Luis Eduardo Rodríguez Cheu. Ph.D.
Escuela Colombiana de Ingeniería

Alexandra Velasco, Ph.D.
Universidad Militar Nueva Granda

Bladimir Bacca Cortes. Ph.D.
Universidad del Valle

Tatiana Manrique. Ph.D.
Universidad Sergio Arboleda

Cesar Darío Cadena Lerma, Ph.D.
ETH Zurich, Switzerland

Nelson David Muñoz Ceballos. M.Sc.
Politécnico Colombiano Jaime Isaza Cadavid

Iván Mondragón. Ph.D.
Pontificia Universidad Javeriana

Christian Quintero. Ph.D.
Universidad del Norte

Alberto Delgado. Ph.D.
Universidad Nacional de Colombia

Jovani Alberto Jiménez Builes. Ph.D.
Universidad Nacional de Colombia – Medellín

Heyson Báez. M.Sc.
Universidad Santo Tomas

Juan Manuel Chaparro Fonseca. M.Sc.
Universidad Central

Olmer Garcia Bedoya. Ph.D.
Universidad Jorge Tadeo Lozano

Edith Pulido Herrera. Ph.D.
Universidad Industrial de Santander

Juan Bernardo Gómez Mendoza. Ph.D.
Universidad Nacional de Colombia – Manizales


Registration

Category Advance Rate (Expires Sep 16th) On-Site Conference Rate (After Sep 16th)
R1: IEEE Student members or Universidad Sergio Arboleda students $120.000 $150.000
R2: Other students $160.000 $200.000
R3: IEEE members $240.000 $300.000
R4: Others $320.000 $400.000
R5: Robotics Competition Team Members $20.000 $20.000

All prices in COP

Registration includes access to all sessions, welcome reception and coffee breaks.

To be published in the IEEE CCRA 2016 Conference Proceedings and to be eligible for publication in IEEE Xplore, an author of an accepted paper is required to register for the conference at the (R3 IEEE MEMBERS or R4 OTHERS) rate. Non-refundable registration fees must be paid prior to uploading the final IEEE formatted, publication-ready version of the paper. For authors with multiple accepted papers, one R3 or R4 registration is valid for up to 2 papers.


Robotics Competitions

Dear community,
The Robotics competitions have been canceled given that as today, we have not received any registration for them.

We encourage the community to participate in this type of events as the rise awareness of engineering in general and robotics in particular.

Regards,
IEEE CCRA 2016


Open Category
The CCRA2016 will host the Colombian classificatory for the IEEE Latin American Robotic Competition (LARC2016). The LARC2016 Open category aims at solving an important social problem using robots. The robots can contain any hand-made or commercial part.This year the Open category requires the design of a “milker robot” in order to boost the production of milk in a farmRules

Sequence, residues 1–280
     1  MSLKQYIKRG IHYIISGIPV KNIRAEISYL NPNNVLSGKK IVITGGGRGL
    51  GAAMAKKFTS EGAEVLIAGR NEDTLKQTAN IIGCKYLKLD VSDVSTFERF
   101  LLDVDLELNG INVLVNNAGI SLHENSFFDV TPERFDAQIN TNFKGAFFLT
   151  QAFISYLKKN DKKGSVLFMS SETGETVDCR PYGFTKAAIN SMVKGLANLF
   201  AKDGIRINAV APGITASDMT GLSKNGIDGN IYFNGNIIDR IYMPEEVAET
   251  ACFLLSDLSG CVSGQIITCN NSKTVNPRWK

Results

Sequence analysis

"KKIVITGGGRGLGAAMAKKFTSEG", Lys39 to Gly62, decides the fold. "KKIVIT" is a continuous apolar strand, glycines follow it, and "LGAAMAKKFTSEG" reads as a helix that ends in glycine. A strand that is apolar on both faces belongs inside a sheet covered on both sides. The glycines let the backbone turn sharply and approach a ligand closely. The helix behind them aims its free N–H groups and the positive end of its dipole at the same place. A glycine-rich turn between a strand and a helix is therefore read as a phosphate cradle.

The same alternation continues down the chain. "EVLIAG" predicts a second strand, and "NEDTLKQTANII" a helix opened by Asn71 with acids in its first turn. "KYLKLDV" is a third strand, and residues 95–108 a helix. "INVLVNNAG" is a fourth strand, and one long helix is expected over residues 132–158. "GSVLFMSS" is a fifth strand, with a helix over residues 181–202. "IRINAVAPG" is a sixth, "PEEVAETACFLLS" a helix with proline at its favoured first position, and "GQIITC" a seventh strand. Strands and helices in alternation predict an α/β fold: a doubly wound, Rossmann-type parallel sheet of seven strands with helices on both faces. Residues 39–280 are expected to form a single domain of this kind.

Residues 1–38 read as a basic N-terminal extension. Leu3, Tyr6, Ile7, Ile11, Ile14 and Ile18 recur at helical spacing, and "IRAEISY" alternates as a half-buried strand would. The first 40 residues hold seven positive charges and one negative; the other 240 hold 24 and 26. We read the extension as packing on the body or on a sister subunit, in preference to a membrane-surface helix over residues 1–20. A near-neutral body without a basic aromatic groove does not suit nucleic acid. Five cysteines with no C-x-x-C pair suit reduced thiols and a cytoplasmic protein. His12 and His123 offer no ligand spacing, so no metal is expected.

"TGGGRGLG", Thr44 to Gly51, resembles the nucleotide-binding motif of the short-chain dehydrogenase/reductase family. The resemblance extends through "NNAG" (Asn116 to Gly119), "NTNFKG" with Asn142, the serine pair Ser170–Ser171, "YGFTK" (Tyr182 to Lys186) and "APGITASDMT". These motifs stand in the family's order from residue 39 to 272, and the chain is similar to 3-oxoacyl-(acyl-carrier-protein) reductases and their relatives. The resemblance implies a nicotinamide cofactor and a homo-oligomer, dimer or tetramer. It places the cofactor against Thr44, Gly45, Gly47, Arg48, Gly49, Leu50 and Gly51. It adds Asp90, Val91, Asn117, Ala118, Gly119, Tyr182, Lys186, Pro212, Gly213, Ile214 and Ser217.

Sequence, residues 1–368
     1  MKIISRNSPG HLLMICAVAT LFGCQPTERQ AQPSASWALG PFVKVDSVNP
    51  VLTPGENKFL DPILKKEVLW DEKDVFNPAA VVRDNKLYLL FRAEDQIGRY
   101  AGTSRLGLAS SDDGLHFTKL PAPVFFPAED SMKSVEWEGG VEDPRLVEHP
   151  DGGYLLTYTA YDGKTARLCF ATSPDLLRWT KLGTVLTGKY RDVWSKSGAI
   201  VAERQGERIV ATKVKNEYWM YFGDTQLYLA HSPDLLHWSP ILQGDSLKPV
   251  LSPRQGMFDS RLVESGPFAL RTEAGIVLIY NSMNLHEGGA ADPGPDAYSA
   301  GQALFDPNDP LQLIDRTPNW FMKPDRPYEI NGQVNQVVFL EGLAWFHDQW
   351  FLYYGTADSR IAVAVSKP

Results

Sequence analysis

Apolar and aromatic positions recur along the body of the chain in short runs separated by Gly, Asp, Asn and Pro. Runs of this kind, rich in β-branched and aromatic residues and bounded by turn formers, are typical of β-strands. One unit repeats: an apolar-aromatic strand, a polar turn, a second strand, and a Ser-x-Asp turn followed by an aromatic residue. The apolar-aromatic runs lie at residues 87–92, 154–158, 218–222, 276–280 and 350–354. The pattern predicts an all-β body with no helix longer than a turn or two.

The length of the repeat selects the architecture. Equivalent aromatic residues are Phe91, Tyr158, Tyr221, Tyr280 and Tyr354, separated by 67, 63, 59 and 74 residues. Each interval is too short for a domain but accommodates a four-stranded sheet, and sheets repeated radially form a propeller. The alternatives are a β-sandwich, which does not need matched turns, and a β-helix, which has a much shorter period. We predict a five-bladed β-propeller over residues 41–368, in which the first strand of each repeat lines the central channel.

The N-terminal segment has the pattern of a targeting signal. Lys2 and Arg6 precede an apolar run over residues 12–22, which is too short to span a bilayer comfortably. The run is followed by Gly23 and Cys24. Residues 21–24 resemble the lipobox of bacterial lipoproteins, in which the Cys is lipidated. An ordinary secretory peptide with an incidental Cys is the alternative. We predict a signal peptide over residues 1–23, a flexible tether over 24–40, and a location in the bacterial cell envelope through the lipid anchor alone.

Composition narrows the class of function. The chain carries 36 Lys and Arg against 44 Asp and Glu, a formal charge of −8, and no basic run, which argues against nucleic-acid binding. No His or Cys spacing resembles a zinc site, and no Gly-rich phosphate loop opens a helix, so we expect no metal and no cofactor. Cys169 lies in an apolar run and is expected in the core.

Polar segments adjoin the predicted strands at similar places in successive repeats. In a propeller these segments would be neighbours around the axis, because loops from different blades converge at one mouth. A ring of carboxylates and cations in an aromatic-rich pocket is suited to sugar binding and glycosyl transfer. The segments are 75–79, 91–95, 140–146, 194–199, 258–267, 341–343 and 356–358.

The rules for the Open category can be found in:
http://ewh.ieee.org/reg/9/robotica/Reglas/IEEE%20Open%202016-2017%20-%20English%20-%20Version%201.2.pdfThe rules of the Colombian classificatory for the IEEE Latin American Robotic Competition (LARC2016) are the same for the LARC2016.Prizes

More information will be available soon.

Rules

More information will be available soon.


SEK Category
The CCRA2016 will host the Colombian classificatory for the IEEE Latin American Robotic Competition (LARC2016). The LARC2016 Standard Educational Kit (SEK) category aims at solving an important social problem using robots. The robots can only contain parts of a SEK from recognized companies.
This year the SEK category requires the design of a robotic system that can rescue intelligent life from climate catastrophe.
RulesThe rules for the SEK category can be found in:
http://ewh.ieee.org/reg/9/robotica/Reglas/SEK_Rules_2015-2016_v22.pdfThe rules of the Colombian classificatory for the IEEE Latin American Robotic Competition (LARC2016) are the same for the LARC2016.PrizesMore information will be available soon.

Rules

More information will be available soon.


Robotic Line Followers
More information will be available soon.
• Rules
• Prizes
• Registration

Robotic Sumo
More information will be available soon.
• Rules
• Prizes
• Registration

Robotic Demonstrations
More information will be available soon.
• Rules
• Prizes
• Registration

Venue
The 2016 IEEE Colombian Conference on Robotics and Automation (CCRA 2016) will be held in Bogotá, Colombia, between September 29-30 2016. The venue for CCRA 2016 is the Universidad Sergio Arboleda.More information about the venue will be available soon.• How to get to Bogotá?
• How to get to the Universidad Sergio Arboleda?
• Layouts of CCRA2016 spaces.
• Nearby hotels.
• Nearby restaurants.
• Tourist information about Bogotá.

Contact
Local Arrangements Committee

Lorena Garcia.
Universidad Sergio Arboleda
Tel: +57 1 3257500 Ext. 2575

Carlos Agualimpia.
Universidad Sergio Arboleda
Tel: +57 1 3257500 Ext. 2270

Henry Carrillo.
Universidad Sergio Arboleda
Tel: +57 1 3257500 Ext. 2574
e-mail: ccra2016@usa.edu.co


Noticias


En la Sergio